The best advice Victor Wooten ever gave me

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I’ll never forget something that Victor Wooten told me one morning while attending one of his Bass & Nature Camps back in 2005? 2006? A long time ago.

I was reminded of it today when I awoke, thinking that it was a bit later than usual, and eventually noticed that my alarm had gone off one hour and eight minutes ago. I know this to be true because it was keeping count for me by the second. I didn’t hit the snooze button (I keep it about 15 feet away from me while I sleep so I actually have to get up to stop it), not turned off; I just slept right through it.

Now, if you know anything about me at all, you’re probably aware that I run a highly efficient daily schedule. I’m probably the most systematic, orderly and tightly wound musician on the planet, and waking up one hour and eight minutes already behind schedule can feel like one of the worst things possible to me. But before I could start to berate myself for ruining my entire morning routine, I was reminded of something that my mentor and friend Victor Wooten had told me all those years ago; something that apparently I’ve never forgotten.

I had just arrived to Nashville, TN the night prior, and my circumstances were unusual. I had just stood in my best friends wedding the day before, and left directly from the reception (I stayed and partied for a couple of hours) and drove directly to the airport for a 5:00am flight. After staying up and partying all day at the wedding, flying across the country (also forgot to mention that I can’t sleep on planes) to BNA and renting a car and driving to Montgomery Bell State Park (he didn’t own his own space for the camps at this point in time), I finally arrived in time for dinner. A bit late to begin with (camp started that afternoon), but I knew that was going to be the case and so did Victor, so I wasn’t upset.

I remember going to bed early, sleeping in my rental car, knowing that I needed to catch up on the sleep I had missed during my wedding/travel day. However, I was appalled when I awoke the next day 4 hours late. Instead of joining the others at 6:30am for breakfast, my eyes didn’t open until 10:45. I had missed a meal, one masterclass and now half of the second one as well. Again, this is perhaps one of the worst things that could ever happen to a person like me (or so I thought at the time); being late twice in a row. And not just late, but late for a camp that I was paying good money for; late for unimaginably important advice from my biggest bass hero; late for something that I was genuinely excited about, but my actions said otherwise.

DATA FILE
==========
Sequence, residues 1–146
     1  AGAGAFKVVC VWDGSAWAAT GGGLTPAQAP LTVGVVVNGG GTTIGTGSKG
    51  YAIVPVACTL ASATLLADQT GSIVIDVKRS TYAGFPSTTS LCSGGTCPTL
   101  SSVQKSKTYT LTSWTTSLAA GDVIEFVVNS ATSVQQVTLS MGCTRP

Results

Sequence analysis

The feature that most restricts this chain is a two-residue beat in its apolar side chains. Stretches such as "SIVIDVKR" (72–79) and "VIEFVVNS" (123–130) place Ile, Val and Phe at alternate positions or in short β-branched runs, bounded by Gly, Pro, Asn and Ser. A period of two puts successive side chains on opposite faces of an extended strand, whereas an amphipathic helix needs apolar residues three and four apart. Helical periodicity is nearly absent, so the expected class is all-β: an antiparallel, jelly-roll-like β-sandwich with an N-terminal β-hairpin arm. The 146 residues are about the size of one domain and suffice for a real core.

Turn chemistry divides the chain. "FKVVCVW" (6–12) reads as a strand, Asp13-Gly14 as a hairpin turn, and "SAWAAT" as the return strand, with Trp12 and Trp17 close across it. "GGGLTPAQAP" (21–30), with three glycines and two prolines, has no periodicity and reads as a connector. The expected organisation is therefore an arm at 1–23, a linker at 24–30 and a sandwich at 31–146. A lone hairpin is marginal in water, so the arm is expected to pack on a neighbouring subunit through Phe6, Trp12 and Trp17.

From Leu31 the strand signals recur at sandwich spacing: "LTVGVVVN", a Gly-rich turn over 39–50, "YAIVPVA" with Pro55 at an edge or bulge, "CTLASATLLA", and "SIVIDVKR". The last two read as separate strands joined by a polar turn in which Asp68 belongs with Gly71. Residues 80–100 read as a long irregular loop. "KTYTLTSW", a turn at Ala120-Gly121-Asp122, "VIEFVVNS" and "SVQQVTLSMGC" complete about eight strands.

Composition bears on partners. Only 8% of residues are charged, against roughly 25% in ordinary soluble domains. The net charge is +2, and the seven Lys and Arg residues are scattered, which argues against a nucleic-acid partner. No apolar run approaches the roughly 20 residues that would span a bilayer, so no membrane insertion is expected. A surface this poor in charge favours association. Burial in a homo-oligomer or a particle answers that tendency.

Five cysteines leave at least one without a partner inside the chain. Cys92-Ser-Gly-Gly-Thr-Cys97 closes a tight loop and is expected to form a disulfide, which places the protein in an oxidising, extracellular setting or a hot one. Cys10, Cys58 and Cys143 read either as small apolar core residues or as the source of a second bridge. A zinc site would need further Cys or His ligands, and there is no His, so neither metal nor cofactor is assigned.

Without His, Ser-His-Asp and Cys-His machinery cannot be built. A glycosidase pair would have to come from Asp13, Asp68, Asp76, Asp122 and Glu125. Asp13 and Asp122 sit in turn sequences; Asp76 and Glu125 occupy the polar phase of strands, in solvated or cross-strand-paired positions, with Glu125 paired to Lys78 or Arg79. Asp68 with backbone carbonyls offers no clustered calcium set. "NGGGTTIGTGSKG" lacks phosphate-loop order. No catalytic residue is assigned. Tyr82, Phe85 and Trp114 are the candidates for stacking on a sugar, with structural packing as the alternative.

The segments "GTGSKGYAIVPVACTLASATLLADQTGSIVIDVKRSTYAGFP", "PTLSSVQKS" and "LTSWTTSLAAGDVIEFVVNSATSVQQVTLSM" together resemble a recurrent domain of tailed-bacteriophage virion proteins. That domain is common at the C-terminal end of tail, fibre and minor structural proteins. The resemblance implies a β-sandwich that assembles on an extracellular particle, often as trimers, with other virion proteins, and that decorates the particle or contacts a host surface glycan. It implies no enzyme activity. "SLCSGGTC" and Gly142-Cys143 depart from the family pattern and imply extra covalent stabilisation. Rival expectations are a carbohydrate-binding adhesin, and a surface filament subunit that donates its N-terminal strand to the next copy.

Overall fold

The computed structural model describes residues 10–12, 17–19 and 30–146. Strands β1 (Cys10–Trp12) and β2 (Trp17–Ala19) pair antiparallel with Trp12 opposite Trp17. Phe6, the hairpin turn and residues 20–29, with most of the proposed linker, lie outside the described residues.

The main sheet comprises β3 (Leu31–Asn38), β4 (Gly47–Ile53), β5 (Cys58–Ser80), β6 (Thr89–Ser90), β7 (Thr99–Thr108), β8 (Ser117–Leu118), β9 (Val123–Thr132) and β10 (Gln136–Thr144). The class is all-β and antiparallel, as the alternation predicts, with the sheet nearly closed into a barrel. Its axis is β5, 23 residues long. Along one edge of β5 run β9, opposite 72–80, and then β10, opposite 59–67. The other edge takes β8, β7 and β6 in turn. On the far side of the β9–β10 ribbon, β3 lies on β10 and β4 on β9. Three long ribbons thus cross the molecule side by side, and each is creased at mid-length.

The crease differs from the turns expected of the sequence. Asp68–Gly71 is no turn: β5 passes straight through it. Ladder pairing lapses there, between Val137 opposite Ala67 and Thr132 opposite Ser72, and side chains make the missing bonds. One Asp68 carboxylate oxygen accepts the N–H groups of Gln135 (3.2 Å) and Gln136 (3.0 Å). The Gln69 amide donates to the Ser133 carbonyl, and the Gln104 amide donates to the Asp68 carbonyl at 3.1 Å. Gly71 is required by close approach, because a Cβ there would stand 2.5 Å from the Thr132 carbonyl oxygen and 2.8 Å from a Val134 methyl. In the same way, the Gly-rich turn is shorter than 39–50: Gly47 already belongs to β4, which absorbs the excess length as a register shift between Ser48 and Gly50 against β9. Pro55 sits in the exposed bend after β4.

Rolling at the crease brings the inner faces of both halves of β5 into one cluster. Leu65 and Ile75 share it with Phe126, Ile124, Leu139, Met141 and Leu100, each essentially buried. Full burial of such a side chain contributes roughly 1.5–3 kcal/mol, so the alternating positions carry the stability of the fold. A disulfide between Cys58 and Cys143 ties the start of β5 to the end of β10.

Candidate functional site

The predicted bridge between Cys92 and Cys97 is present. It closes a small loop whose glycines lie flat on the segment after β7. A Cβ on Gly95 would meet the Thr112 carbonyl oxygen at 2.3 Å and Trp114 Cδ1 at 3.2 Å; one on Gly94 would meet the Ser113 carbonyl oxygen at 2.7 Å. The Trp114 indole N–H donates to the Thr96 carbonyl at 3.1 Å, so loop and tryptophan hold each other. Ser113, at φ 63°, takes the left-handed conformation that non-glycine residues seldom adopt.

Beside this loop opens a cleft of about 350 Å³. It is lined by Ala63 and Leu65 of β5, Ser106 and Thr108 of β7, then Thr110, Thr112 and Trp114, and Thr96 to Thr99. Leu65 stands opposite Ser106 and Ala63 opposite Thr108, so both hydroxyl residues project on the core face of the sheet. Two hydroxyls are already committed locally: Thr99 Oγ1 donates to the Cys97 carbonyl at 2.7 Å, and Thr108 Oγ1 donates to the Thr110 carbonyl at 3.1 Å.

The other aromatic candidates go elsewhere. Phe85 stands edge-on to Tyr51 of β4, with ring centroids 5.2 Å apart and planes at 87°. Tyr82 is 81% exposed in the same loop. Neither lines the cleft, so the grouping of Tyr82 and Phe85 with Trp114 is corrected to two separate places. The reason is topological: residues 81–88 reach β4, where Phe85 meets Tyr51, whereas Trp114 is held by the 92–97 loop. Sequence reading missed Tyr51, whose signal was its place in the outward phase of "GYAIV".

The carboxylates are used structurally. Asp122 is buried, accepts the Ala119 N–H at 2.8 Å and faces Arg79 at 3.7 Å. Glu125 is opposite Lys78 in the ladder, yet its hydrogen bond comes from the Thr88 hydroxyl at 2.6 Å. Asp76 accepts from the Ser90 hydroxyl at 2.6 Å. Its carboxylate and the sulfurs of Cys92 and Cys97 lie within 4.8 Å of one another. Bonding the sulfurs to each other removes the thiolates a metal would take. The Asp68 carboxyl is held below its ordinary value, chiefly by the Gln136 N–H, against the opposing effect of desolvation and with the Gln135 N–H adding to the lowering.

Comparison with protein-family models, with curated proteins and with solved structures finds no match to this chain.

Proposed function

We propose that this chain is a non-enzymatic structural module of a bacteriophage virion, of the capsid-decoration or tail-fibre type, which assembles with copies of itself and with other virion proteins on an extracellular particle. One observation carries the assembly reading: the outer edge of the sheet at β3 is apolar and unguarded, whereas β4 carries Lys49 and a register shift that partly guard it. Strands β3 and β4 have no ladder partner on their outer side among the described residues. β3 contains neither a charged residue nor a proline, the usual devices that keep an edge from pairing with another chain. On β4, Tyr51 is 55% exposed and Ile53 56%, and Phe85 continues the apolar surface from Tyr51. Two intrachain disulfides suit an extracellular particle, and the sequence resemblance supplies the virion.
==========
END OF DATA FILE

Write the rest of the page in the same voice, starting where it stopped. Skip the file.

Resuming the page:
I recall thrashing about in the car looking for my things for the day and trying to open the door while zipping up my jacket and putting my shoes on at the same time, resulting in me tumbling out of the car and onto the dusty ground. I was lying flat on my back and staring up at the sky with my head pressed against a pillow of small rocks, breathing heavily, when guess who should walk by me? Of course, it was Victor.

I jumped up immediately. “Vic, I’m so sorry I overslept, I was jet-lagged, I was in a wedding yesterday, I don’t know where I’m supposed to be, I’m not really like this normally I’m on time, please don’t kick me out because I’m not taking this seriously – I am – btw where am I supposed to be right now?”

I probably sounded as ridiculous as I looked. I’ll bet my voice even cracked and shook while talking to him. I must’ve been 18 or 19 at the time, but my words were sincere; this was my hero and I wanted to show him who I was and what I could do, and thus far I had not done a very good job of that. He probably thought I was some spoiled brat that did whatever he wanted whenever he wanted, regardless of what Authority had dictated.

Instead, he said this: “It’s okay. Your body needed sleep so you slept. It’s important to listen to what your body is trying to tell you. Sometimes your body is telling you that it needs sleep, and that’s ok. Let it.”

I finally let out a deep breath, not fully aware of how ridiculous I looked and sounded, but relieved that he didn’t think I was a complete loser. Before I could say another word he spoke again.

“By the way we’re half-way through with the Groove Seminar and you’re up next. Can you be on stage in 3 minutes?”

I honestly don’t remember responding, or even closing the car door, for that matter. I just grabbed my bass and began to run for the hills, arriving just in time to hear my name called. I casually walked up on stage, still panting and breathing heavily from the quick sprint, having only been awake for a total of 2.5 minutes by this point, and sat in with Vic’s band at the time. I believe it was Derico Watson on drums and Vic’s brothers Reggie and Joseph on guitar and keys. Howard Levy was there too, I think, but it’s such a blur at this point I really couldn’t tell you truthfully. But that’s a story, perhaps, for another time.

I’ve never forgotten that advice, all these years later. At the time I thought that he was saying, It’s okay, no big deal. Just move on. But over the years I’ve come to realize that what he really meant was Give yourself and your body some grace. We’re not perfect. We’re not going to make every shot we take. Sometimes we fall short and sometimes we even kick ourselves when we’re already down. Why? What good could that possibly accomplish?

Instead, much like the practice of mindfulness meditation, allow the moments to realize themselves and then allow them to pass. Don’t hold on to the negativity you’ve associated with it. Instead of wasting time with thoughts like I should’ve or I could’ve or why didn’t I?, try doing the opposite: Accept reality for what it is. Accept your body for how it is and for what it needs. And when you allow that moment to finally pass, jump up on stage ‘cuz you’re next.